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Wuthering Heights, by Emily Bront, is surrounded by an aura of mystery due to its double nature. It combines the natural and the supernatural; the familiar and the strange; realism and symbolism; and the novel and the myth.

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Introduction

Wuthering Heights: the novel and the myth Ana Perdiz de Oliveira Wuthering Heights: the novel and the myth ________________ Wuthering Heights, by Emily Brontë, is surrounded by an aura of mystery due to its double nature. It combines the natural and the supernatural; the familiar and the strange; realism and symbolism; and the novel and the myth. In order to evade mystery, the narrator (Lockwood) insists on the empirical observation of the scenes. "I lingered round them, under that benign sky; watched the moths fluttering among the heath, and hare-bells; listened to the soft wind breathing through the grass; and wondered how any one could ever imagine unquiet slumbers for the sleepers in that quiet earth." However, his language points in other directions, showing a vision not only romantic (symbol of the wind, which eludes imagination) but also traditional (metaphor of the sleepers applied to death). This metaphorical language is just mere decoration; it is not literal, as the narrator is afraid of the idea that it could become real. ...read more.

Middle

Since then, each being, now walking on two legs each, lives in a desperate search for its other half in order to become complete again. The myth of the soul mates represents the human search for completeness and perfection. All living creatures aim to return to the original condition of perfect unity. The part of the myth in which Zeus splits the perfect creature in two halves for being provocative towards the gods, symbolizes the need to become fragmented in order to achieve knowledge, and therefore, the genuine perfection (it is when they are separated that Heathcliff becomes reach and the master of both Wuthering Heights and Thrushcross Grange), because some ask, "How could one ever be perfect if he was never given the opportunity to sin?" III. MYTH OF CUPID AND PSYCHE In this myth, a mortal marries an immortal from whom is separated after disobeying a command. Wuthering Heights can be interpreted as a myth of loss (Heathcliff loses Catherine), exile, rebirth and return (Heathcliff returns twelve years later being rich and powerful) ...read more.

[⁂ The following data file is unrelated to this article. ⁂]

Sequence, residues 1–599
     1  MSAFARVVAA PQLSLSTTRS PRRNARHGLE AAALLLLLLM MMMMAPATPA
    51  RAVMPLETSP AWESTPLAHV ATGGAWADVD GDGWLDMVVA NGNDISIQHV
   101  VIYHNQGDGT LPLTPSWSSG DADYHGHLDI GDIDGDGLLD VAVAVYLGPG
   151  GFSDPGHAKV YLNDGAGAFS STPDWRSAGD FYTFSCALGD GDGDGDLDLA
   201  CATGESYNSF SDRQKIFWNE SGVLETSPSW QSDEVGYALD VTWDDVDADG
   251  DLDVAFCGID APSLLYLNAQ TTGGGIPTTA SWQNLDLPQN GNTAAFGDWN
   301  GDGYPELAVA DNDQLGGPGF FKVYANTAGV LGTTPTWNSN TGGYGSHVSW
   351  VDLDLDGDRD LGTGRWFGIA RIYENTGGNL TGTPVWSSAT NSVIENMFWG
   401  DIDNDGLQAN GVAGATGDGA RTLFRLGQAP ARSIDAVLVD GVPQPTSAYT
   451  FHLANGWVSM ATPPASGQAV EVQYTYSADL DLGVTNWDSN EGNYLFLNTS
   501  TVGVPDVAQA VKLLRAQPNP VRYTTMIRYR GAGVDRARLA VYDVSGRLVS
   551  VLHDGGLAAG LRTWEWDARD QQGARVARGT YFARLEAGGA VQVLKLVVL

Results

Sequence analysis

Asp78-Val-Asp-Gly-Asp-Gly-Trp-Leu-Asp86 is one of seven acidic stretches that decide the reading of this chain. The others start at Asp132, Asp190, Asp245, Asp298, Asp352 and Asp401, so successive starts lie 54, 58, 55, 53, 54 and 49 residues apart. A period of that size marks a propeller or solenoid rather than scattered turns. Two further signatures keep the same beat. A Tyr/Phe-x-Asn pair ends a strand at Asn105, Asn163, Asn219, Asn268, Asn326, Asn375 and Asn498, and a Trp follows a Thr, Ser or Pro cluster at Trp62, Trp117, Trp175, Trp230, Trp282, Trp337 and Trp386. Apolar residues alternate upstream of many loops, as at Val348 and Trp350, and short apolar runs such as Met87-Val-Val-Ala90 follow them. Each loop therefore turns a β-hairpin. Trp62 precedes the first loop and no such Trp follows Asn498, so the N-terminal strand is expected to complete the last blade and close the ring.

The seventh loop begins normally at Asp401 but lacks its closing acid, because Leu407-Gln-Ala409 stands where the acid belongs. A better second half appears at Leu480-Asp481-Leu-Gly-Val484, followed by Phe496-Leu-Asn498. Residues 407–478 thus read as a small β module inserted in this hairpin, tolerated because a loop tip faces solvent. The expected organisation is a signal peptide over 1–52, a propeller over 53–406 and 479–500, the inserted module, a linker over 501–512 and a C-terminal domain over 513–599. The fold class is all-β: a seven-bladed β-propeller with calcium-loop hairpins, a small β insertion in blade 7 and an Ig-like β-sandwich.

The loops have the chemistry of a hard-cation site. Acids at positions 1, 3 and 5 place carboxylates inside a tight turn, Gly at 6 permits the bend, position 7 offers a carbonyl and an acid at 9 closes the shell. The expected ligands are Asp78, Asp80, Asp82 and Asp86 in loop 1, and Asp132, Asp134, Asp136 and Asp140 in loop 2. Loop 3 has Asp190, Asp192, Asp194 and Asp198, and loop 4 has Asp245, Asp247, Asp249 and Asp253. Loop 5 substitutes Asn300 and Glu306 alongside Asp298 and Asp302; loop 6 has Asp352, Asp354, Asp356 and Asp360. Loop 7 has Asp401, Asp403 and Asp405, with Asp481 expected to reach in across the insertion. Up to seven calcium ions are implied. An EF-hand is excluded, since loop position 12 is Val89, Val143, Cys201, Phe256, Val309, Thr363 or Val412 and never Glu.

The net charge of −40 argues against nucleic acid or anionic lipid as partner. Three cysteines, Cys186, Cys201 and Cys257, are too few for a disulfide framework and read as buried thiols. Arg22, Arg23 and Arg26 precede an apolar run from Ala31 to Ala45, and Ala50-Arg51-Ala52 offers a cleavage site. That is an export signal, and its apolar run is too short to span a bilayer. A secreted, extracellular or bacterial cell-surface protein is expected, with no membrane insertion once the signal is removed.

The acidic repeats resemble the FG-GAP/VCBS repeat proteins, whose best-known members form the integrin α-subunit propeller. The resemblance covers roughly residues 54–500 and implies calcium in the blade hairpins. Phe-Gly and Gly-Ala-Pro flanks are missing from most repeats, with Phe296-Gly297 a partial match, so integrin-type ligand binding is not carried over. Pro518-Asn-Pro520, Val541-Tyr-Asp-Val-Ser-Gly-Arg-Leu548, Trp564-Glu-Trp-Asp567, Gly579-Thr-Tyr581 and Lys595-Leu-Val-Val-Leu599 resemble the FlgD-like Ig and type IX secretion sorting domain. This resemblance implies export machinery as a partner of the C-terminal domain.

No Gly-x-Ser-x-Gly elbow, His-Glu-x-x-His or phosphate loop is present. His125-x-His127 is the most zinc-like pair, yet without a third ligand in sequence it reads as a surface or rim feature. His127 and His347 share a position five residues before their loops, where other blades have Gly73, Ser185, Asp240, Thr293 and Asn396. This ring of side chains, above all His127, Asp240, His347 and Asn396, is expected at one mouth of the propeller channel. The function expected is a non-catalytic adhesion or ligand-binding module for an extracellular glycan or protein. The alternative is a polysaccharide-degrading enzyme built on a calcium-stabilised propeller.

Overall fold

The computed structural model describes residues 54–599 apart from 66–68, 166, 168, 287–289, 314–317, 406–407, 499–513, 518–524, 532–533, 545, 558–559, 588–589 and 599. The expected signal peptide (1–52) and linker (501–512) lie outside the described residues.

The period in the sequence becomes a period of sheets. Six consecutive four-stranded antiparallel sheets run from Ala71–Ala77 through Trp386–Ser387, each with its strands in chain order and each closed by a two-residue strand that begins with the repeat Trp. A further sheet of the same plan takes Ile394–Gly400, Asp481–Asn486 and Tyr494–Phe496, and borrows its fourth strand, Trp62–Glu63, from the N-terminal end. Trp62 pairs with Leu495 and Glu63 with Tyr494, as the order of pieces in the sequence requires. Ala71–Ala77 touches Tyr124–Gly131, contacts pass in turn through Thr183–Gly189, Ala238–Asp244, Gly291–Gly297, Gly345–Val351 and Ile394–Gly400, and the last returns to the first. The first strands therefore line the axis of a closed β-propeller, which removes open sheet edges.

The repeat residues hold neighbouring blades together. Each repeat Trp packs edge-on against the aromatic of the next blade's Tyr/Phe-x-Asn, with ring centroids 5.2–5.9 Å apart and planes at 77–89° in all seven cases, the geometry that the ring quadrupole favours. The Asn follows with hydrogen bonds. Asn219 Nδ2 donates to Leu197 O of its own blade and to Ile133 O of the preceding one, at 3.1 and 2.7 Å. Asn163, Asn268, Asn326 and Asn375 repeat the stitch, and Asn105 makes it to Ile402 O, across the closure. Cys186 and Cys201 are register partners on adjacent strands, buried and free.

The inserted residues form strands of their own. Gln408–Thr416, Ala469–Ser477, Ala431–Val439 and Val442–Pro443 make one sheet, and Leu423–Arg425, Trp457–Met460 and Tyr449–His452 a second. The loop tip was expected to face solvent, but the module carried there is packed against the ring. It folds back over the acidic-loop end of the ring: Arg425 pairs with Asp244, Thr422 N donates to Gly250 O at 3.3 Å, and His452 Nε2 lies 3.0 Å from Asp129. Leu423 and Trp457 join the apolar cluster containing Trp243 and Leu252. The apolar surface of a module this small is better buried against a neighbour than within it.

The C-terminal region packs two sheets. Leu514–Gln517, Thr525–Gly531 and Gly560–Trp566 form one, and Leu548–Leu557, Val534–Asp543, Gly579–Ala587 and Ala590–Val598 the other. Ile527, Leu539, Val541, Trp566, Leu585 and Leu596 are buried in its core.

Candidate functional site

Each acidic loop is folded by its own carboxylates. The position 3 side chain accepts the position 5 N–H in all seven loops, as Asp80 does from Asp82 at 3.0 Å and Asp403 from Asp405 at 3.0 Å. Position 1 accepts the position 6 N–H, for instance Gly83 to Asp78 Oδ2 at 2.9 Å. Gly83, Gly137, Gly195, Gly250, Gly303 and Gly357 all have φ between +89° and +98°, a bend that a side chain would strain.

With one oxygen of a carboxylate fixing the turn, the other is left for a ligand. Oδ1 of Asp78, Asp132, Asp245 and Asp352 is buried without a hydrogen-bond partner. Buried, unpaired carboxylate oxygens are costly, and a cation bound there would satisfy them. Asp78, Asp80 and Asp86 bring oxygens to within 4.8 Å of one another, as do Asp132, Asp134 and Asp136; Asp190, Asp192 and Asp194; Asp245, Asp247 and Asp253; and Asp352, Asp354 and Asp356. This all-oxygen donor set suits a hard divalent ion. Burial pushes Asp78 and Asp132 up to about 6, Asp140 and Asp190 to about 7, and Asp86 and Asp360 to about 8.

Conclusion

Lockwood is a parodic version of Heathcliff. Oedipus conflict can also be applied at a social level from the moment in which Heathcliff incorporates capitalism. In the novel, the given solution given is to take advantage of the separation between the sphere of production and the family one caused by capitalism, displacing thereby the energy of change to the first one and turning the second one into the space of order and orderly control of social subjectivity. The above solution is just a fantasy because each sphere affects the other. Part of the peculiar power of Wuthering Heights derives from its resistance to imagine any solution of stable ?commitment?, as it can be seen in the final sense that everything can happen again. VIII. MYTH OF NARCISSUS The anarchic energy of the capitalist individual could be used in the service of the revitalizing transformation of the social order, which would avoid the risk of a collective revolution. The narcissist link not only joins Lockwood and the reader, but also both of them with the problem of the novel: the relationship between the dream of autonomy and control of the modern individual and the social order in a time of profound historical change. ...read more.

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